Use crayons, felt tips or powder paint. You can make powder paint thicker by adding washing-up liquid as well as water.
Firstly, show your child how to hold the crayon or paintbrush. If you don't have paper, you can use the insides of cereal boxes or old envelopes that have been cut open.
Paper bag or envelope puppets
Use old paper bags and envelopes to make hand puppets. Draw faces on them or stick things on to make your own characters. Get the puppets to "talk" to each other, or to you and your child.
Encourage your child to walk with you (you may want to use reins for safety) as soon as they are able. It might slow you down, but it’s a great way for both of you to get some exercise.
Play ideas from 24 months
Collect old hats, bags, gloves, scarves, nighties, lengths of material, tea towels and curtains. Ask friends and relatives or try jumble sales.
Make sure there are no loose cords, strings or ribbons that could wrap around your child’s neck or trip them (or you) up.
Paper plates or cut up cereal packets make good masks. Cut slits for the eyes and attach them to your face with string.
Consider limiting your child’s TV viewing to less than two hours a day from two years old, and ideally no TV viewing before the age of two.
TV can entertain your child and give you a bit of time to do other things. Try not to have it on all the time, though. Always know what your child is watching. When possible, watch with your child so that you can talk together about what you’re watching.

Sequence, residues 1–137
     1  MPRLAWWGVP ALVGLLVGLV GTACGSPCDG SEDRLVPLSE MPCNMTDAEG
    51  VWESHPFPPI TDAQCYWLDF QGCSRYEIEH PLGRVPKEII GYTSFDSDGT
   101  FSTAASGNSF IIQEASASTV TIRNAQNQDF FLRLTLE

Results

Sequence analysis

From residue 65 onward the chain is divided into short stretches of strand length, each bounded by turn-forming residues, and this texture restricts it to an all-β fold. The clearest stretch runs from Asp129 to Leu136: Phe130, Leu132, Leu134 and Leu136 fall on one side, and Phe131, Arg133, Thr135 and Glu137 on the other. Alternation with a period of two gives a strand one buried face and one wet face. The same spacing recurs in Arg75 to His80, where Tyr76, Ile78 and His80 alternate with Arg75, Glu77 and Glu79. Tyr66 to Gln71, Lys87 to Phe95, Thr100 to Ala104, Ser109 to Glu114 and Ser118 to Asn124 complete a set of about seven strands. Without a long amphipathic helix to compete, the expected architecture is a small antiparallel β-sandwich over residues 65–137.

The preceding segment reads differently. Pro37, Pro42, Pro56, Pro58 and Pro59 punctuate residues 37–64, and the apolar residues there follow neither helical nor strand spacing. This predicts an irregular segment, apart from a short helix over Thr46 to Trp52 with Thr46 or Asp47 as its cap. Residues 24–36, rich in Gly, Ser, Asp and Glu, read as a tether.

TV is not recommended for children under two years old.
Play ideas from 30 months
Collect cardboard boxes, cartons, yoghurt pots, milk bottle tops and anything else you can think of. Buy some children’s glue (the type that comes with a brush is easiest to use) and help them to make whatever they like.
When buying toys, look for the British Standard kitemark, lion mark or CE mark, which show that the toy meets safety standards. Take care when buying secondhand toys or toys from market stalls, as they may not meet safety standards and could be dangerous.
Toys usually have age warnings on them. If a toy is marked as "Not suitable for children under 36 months", don't give it to a baby or toddler under three. Check toys for sharp edges or small parts that your child could swallow.
Button battery warning
Some electrical toys contain small, round batteries called button batteries. As well as being a choking hazard, these can cause severe internal burns if swallowed or lodged in your child's ear or nose.
Keep button batteries well away from your child and make sure that battery compartments on toys are properly secured with a screw.
If you suspect your child has swallowed a button battery, take them to A&E straightaway or call 999.
Toys for children with special needs
Toys for children with special needs should match their developmental age and ability. Ideally, they should be brightly coloured, make a noise and have some moving parts.
If your child is using a toy intended for a younger age group, make sure that it’s strong enough and won’t get broken.
Children with a visual impairment will need toys with different textures to explore with their hands and mouth.
Children with impaired hearing will need toys to stimulate language, such as puzzles that involve matching "finger-spelled" letters to appropriate pictures.
For more advice, visit the Council for Disabled Children website.